Tag Archives: raven

Episode 112: The Bullfrog and the Raven

I am sick and sound like a frog, or possibly a raven, so here’s a croaky episode about both!

Thanks to Corbin Maxey of Animals to the Max and Simon for their suggestions!

A bullfrog:

A common raven:

A baby raven:

NOT a baby raven (it’s probably a corncrake):

Show transcript:

Welcome to Strange Animals Podcast. I’m your host, Kate Shaw.

Guess who has a cold! That’s right, I do! If this is the first episode you’ve ever listened to, I promise I don’t ordinarily sound like this.

Because my voice is such a mess, let’s have a short episode this week and learn about two animals that sound kind of like I do right now: the bullfrog and the raven. Thanks to Corbin Maxey of the great podcast Animals to the Max who suggested frogs, and friend of the pod Simon who suggested ravens, both of them in response to my complaining on Twitter that I had a sore throat. Little did they know what I would sound like a few days after that tweet!

Let’s start with the bullfrog. The American bullfrog is a species of frog. You probably figured that out without me needing to tell you. It originally only lived in eastern North America, but it’s been introduced in many other parts of the world. The reason it’s been introduced elsewhere is that it’s raised as food—specifically, it’s raised for its hind legs, which are considered a delicacy. It’s also sometimes kept as a pet. Sometimes it escapes from captivity and sometimes it’s just released into the wild by people who don’t know any better. In many places it’s become an invasive species that outcompetes native amphibians.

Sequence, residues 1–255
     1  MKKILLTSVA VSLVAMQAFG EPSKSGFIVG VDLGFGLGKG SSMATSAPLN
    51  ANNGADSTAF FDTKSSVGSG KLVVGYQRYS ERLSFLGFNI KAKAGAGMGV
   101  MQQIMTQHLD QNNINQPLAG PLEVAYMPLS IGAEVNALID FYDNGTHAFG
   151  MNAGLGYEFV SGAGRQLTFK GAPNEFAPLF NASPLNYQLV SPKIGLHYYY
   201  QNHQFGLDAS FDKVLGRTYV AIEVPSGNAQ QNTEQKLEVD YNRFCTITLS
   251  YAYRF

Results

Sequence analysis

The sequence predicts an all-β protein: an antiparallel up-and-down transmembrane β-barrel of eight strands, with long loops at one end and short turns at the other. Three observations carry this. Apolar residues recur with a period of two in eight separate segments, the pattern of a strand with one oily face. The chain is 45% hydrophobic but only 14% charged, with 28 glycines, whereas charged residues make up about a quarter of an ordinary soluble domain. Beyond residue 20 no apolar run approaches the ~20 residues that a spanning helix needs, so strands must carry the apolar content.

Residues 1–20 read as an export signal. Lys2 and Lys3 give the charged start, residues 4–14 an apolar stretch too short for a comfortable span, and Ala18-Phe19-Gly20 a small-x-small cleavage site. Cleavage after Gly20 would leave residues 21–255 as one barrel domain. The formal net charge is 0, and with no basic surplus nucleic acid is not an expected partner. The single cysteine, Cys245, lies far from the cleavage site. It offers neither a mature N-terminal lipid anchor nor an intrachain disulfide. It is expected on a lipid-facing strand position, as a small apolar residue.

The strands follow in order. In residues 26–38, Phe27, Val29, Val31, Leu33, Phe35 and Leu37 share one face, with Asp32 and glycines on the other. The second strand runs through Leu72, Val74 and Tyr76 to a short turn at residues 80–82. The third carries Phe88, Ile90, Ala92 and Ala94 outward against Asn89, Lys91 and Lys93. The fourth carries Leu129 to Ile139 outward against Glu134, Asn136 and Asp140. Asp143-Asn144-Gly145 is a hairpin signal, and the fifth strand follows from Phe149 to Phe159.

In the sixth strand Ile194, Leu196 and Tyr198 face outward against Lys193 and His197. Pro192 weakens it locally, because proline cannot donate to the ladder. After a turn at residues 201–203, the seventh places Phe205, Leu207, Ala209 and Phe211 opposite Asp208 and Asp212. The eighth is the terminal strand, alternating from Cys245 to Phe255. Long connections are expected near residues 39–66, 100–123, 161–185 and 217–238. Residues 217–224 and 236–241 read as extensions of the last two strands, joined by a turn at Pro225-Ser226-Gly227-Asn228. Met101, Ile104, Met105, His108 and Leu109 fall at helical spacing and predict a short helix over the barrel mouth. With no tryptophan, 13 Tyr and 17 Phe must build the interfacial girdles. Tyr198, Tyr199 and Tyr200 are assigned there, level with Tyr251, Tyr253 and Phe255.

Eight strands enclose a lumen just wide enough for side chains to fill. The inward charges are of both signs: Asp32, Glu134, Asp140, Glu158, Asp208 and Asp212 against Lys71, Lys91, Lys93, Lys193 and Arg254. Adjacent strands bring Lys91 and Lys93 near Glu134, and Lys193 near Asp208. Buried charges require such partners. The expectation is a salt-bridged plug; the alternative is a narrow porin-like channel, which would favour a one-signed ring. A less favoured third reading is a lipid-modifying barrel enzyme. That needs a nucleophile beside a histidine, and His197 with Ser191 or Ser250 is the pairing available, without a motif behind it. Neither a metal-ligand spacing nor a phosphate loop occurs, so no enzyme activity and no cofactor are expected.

The bullfrog is a big, heavy frog. It can grow up to eight inches long from nose to butt, or 20 cm, but the hind legs are much longer. It can also be up to 1.8 pounds in weight, or 800 grams. Because the bullfrog has such long, strong legs, it can jump up to ten times the length of its own body.

The bullfrog is olive green in color, sometimes with darker blotches or stripes. The belly is pale and the lower part of the nose along the upper edge of the mouth is often bright green. Males usually have yellow throats, or technically yellow gular sacs. This is the sac the male inflates in order to make his loud croak.

Male bullfrogs have territories in swampy areas that they defend from other males, but the territories aren’t very large, maybe 20 feet apart from each other at most, or 6 meters. The males tend to move around and gather in groups during the breeding season, though, which is usually spring and early summer. The males croak loudly to attract females, and sometimes wrestle each other to show who’s stronger.

The female bullfrog lays her eggs in shallow water with plenty of plant cover. If the temperature isn’t too warm or too cold, the eggs hatch in about five days into tadpoles. The tadpoles have gills and teeth, although at first they don’t use their teeth for anything. They eat algae and other tiny food at first, and as they grow bigger, they start catching larger food.